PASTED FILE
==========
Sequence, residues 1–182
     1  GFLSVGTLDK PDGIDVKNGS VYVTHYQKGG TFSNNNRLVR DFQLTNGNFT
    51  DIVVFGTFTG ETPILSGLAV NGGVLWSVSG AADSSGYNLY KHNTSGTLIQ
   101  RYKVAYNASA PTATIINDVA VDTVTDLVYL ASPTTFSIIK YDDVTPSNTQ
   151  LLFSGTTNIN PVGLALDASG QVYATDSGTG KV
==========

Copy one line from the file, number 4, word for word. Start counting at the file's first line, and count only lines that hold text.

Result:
   101  RYKVAYNASA PTATIINDVA VDTVTDLVYL ASPTTFSIIK YDDVTPSNTQ